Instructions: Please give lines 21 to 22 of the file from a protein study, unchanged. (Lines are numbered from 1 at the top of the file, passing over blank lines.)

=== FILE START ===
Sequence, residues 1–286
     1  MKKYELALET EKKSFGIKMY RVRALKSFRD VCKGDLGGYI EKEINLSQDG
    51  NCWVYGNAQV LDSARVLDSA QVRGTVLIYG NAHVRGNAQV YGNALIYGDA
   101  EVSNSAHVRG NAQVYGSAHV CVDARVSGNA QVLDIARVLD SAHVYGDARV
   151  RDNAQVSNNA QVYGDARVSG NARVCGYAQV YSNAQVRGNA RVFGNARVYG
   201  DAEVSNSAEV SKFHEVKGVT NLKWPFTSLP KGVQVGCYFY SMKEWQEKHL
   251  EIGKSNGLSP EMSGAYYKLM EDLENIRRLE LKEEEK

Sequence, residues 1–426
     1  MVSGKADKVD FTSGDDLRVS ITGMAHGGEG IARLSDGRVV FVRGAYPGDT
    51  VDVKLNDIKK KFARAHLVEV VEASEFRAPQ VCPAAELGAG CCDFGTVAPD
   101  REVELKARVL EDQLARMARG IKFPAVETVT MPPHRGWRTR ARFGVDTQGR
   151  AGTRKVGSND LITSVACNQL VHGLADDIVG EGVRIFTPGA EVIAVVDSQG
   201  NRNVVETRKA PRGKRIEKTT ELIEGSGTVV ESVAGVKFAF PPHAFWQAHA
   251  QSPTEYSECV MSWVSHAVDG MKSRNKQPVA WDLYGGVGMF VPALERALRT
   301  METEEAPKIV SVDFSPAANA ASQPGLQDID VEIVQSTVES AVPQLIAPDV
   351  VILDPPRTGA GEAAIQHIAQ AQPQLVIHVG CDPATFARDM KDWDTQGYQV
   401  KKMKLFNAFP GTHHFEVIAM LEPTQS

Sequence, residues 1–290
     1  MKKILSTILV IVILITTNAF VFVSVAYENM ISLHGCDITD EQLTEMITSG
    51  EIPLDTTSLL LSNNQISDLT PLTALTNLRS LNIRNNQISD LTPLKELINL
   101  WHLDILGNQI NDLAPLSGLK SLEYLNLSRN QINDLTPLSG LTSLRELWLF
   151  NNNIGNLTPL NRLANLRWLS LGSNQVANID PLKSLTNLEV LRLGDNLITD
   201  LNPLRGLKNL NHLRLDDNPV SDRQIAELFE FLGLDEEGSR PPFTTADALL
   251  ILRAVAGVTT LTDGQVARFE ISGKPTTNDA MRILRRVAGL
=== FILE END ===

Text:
   101  WHLDILGNQI NDLAPLSGLK SLEYLNLSRN QINDLTPLSG LTSLRELWLF
   151  NNNIGNLTPL NRLANLRWLS LGSNQVANID PLKSLTNLEV LRLGDNLITD